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who demonstrated by reason what is confirmed by the evidence of our senses, in our experience of perceptible objects.'
1. The success of experiments, continues our philosopher, serves to confirm the suggestions or conclusions of reason; even as the methods of proving the truth of arithmetical operations serve to detect and prevent error, when the calculations are tedious and intricate. It is this circumstance also which includes the difference between the knowlege of men and brutes. The knowlege of the latter is purely empirical, and is founded on mere experience; for, as far as we are able to judge of their intellects, they seem incapable of forming necessary or abstract propositions. Whereas the human understanding is, on the contrary, qualified to invent hypotheses and forni fyftematical plans of abstracted science. The inferences deduced by the brutes, are like those of mere empirics, who presume that whatever hath fometimes happened, must happen again in circumstances that appear to them the same, without knowing whether the same causes subsist. Hence it is that mankind find it so easy to deceive the brutes, and that empirics are so liable to commit blunders. And hence it is, also, that persons, whose knowlege depends merely on age and experience, are not exempt from the like fallibility ; especially when they depend too much on paft experience, as if what hath once happened in civil and military affairs, must necessarily happen again. Whereas they should consider how much the world is subject to change ; and that mankind, every day growing wiser, or at least more knowing and artificial, discover numerous methods of counter-action and prevention, which were unknown to their ancestors. In the mean time, it is certain that the brutes of the present times are no more artful or preventive than those of antiquity *. The logic of the brutes, is but the mere fhadow of reasoning; it is the simple connection of ideas, or the transition from the perception of one image to that of another : for, in any new situation, bearing resemblance to a preceding one, they expect of course the former event to follow, as if things in themselves were thus actually connected, because the ideas of them are so connected in their memory. It is certain that reason directs us, in the common course of things, to model our future expectations from the outlines of past experience; but we are not thence to conclude that such experience involves a necessary and infallible truth. On the contrary, it is possible that our most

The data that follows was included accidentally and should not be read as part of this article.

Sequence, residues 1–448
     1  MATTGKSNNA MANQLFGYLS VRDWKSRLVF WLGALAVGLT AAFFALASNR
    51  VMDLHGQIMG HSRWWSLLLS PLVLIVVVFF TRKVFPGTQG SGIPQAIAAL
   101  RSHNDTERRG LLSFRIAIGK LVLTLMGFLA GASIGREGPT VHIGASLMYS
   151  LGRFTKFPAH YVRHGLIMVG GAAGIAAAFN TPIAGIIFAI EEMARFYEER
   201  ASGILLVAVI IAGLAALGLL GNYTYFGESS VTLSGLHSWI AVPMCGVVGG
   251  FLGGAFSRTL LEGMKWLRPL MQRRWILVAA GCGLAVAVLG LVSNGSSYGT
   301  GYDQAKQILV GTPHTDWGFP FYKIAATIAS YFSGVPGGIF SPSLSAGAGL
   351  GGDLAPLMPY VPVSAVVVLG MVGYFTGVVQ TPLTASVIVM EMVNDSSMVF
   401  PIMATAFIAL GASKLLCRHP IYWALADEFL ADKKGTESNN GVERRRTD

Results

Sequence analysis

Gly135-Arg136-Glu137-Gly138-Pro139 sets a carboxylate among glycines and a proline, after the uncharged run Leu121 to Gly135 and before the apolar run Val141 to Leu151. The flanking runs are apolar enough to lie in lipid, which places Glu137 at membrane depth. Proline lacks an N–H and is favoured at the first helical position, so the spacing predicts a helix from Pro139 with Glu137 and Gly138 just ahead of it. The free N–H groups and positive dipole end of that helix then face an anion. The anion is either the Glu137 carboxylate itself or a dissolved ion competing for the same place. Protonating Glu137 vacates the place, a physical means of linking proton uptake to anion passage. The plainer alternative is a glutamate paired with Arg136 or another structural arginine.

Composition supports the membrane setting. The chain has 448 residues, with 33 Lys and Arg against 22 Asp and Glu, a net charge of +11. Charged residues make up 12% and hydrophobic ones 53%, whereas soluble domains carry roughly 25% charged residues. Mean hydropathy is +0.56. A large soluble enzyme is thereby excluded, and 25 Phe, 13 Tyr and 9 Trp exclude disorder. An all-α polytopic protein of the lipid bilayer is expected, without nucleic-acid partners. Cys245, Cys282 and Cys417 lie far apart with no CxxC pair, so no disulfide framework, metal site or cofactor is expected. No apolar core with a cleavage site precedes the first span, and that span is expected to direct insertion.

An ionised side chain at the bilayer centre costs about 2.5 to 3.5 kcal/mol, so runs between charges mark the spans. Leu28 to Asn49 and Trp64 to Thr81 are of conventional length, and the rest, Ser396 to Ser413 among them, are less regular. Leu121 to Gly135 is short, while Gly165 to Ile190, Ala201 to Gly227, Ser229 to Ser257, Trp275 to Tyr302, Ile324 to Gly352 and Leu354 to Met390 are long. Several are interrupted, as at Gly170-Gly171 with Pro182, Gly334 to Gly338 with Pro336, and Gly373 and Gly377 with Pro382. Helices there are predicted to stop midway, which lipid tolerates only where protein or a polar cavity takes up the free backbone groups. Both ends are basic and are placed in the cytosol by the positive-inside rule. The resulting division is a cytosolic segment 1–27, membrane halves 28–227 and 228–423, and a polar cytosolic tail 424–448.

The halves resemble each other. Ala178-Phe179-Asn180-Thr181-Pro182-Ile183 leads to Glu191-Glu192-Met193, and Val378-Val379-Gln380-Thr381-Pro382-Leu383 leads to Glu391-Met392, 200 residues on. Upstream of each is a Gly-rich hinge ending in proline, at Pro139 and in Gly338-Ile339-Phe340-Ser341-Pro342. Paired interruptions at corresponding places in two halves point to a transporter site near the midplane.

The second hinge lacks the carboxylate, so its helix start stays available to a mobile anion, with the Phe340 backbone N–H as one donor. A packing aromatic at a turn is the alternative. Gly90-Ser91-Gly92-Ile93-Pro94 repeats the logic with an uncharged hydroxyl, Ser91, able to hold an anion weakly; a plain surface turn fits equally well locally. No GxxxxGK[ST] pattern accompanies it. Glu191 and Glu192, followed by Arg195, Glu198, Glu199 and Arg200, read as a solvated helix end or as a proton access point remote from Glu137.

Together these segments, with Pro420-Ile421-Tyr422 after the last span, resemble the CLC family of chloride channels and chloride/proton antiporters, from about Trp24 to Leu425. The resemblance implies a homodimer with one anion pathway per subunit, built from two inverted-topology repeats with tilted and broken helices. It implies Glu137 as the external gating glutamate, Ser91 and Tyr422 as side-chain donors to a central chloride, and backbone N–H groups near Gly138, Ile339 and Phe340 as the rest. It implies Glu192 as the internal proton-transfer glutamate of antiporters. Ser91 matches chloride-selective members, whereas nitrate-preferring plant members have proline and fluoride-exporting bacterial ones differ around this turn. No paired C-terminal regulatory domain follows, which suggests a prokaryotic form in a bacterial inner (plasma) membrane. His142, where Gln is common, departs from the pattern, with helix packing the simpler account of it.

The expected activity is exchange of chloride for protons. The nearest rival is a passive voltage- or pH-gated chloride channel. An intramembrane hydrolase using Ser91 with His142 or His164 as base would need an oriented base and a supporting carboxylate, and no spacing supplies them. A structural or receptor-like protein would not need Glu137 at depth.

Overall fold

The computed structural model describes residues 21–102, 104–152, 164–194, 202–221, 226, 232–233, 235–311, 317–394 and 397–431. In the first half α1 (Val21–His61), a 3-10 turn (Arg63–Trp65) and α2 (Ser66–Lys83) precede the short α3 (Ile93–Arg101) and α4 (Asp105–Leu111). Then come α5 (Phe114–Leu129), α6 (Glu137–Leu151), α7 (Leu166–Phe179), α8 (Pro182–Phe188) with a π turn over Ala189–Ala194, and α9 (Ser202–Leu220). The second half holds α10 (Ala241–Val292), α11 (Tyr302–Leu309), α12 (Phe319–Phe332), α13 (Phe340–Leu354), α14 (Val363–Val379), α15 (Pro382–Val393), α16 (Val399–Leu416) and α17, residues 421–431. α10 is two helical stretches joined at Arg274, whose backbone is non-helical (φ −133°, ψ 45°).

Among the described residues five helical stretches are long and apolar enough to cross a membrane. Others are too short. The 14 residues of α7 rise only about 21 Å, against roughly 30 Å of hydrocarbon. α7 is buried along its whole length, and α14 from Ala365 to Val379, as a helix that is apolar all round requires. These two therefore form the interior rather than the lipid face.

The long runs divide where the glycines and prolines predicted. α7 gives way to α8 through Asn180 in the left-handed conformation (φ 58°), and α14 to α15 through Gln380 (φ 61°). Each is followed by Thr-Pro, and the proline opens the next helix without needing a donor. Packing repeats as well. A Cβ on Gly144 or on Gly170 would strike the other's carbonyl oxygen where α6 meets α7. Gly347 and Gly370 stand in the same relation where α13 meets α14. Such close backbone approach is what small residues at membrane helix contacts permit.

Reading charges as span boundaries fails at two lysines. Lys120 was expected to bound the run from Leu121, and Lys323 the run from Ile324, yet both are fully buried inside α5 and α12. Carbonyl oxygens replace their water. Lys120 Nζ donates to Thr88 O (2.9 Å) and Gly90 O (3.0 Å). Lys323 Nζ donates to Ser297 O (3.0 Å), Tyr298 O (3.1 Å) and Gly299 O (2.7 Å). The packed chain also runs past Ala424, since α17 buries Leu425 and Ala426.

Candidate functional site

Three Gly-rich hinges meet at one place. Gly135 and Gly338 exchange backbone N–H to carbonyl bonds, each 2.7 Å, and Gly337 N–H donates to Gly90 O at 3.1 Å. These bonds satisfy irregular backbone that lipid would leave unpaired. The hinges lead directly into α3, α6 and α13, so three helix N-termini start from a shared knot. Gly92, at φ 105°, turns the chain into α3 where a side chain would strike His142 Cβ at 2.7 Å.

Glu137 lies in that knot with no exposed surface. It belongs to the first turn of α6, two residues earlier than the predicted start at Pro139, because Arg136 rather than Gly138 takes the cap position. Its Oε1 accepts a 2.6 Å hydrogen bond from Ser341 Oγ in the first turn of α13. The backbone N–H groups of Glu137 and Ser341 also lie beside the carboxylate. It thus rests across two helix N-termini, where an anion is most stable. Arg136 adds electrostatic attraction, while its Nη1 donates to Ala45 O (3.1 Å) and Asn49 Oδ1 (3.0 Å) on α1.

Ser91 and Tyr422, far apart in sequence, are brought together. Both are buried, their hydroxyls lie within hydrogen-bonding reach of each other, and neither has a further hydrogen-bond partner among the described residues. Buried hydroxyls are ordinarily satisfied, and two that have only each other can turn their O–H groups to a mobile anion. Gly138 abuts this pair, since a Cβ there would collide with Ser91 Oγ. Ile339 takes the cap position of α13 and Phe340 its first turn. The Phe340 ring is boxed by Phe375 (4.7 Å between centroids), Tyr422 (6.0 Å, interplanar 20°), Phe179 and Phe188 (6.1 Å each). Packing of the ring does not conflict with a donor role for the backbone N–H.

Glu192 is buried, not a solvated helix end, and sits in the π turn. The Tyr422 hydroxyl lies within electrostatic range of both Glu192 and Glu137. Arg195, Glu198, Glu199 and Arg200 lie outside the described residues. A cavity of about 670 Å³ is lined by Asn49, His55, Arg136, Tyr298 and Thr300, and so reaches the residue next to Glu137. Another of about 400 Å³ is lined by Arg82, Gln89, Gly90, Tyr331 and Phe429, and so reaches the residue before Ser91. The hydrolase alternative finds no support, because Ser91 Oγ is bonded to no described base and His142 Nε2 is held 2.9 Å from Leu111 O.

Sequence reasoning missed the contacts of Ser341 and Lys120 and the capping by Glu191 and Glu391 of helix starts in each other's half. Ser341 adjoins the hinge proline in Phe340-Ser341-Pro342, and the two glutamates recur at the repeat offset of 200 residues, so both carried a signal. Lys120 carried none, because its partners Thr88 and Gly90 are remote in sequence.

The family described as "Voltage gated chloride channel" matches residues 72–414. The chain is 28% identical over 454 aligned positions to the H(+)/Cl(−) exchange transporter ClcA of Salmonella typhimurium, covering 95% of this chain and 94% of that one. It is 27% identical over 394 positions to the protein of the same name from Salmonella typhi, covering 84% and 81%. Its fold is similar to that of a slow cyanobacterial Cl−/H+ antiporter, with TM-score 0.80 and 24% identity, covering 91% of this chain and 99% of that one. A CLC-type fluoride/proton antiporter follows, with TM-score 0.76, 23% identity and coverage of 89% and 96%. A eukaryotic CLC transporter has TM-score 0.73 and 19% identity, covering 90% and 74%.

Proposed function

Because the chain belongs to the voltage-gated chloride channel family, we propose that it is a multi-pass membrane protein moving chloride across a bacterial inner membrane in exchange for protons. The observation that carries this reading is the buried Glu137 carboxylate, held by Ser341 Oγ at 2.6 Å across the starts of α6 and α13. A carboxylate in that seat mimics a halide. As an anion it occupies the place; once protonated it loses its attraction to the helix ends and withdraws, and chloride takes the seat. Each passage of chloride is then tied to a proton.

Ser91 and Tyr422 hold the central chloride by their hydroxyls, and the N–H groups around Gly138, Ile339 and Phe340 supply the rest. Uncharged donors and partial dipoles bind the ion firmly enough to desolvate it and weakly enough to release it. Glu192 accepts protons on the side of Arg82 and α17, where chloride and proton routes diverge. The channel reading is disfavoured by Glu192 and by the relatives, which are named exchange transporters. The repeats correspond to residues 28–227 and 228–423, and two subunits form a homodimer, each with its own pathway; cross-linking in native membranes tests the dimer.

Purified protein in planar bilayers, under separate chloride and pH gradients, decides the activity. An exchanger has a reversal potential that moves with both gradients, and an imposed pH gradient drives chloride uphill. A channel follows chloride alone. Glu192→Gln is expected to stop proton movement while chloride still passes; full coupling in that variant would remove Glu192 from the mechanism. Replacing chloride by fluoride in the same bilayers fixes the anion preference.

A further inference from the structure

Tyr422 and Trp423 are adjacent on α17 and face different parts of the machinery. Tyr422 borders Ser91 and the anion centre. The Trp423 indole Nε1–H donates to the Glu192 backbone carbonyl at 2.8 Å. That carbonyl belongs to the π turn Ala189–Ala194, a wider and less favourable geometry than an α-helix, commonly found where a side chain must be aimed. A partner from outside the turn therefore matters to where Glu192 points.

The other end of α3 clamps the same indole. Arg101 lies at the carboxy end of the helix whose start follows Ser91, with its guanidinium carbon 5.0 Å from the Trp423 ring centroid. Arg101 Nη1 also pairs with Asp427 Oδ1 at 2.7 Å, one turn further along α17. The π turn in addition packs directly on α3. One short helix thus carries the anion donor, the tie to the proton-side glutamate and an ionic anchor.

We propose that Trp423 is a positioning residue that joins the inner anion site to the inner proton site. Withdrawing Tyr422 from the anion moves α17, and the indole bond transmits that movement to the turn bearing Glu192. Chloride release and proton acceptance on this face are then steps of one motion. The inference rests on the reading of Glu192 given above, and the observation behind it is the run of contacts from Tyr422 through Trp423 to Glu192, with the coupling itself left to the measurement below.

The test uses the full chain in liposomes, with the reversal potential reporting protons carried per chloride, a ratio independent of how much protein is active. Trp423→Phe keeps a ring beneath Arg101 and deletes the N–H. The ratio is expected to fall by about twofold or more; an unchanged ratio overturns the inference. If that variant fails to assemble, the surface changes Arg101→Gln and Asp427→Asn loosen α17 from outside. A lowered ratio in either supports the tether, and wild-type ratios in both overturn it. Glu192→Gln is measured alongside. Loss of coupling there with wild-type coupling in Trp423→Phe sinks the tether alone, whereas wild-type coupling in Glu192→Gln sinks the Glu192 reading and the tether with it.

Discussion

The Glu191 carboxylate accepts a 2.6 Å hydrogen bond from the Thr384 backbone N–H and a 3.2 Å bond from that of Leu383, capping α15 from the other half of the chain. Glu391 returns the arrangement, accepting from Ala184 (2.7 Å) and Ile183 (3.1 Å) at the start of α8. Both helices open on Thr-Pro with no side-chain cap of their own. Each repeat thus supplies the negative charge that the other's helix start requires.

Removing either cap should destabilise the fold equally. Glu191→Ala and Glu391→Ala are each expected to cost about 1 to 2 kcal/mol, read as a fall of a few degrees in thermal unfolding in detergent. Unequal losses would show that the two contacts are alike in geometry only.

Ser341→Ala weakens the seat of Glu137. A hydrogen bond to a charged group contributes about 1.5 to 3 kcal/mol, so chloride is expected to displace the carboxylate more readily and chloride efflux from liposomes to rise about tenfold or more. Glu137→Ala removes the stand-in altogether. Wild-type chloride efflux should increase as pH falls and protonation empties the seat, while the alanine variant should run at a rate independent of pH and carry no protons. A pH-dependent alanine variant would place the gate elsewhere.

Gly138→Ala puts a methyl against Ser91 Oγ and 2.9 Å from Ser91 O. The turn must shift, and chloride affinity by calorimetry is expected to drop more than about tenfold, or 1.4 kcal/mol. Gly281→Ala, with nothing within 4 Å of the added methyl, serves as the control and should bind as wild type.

* It is our business here fimply to exhibit, and not to controvert, the arguments of the Author. We cannot help obferving, however, that this sentiment is by no means applicable to particular animals, especially those of the domestic kind; no:withstanding it be true with regard to the comparative knowlege of men and brutes in general.
rational rational expectations, when founded merely on past experience, may be suddenly disappointed, from a change of circumstances. It is for this reason that philosophers never depend very firmly on mere matters of fact ; but endeavour to penetrate into the motives or efficient causes of such fact; in order to qualify themselves to judge where they are to make exceptions to general rules. For it is from reason only that we are capable of laying down sure and certain general sules, and of supplying those which are not such, with proper exceptions; by which means, and by which only, we may hope at length to arrive at those absolute connections, which subfift between the causes of things and their necessary consequences. It is the knowlege of these connections that oftentimes enables us to forelee che consequences of things merely hypothetical; that is, without the necessity of having recourse to experience, or to the perceptible connections of palpable objects ; to which the brures are constantly reduced. And hence we see, that the doctrine of innate ideas, or the internal principles of necessary truths, includes the effential distinction that subsists between man and the brute creation.'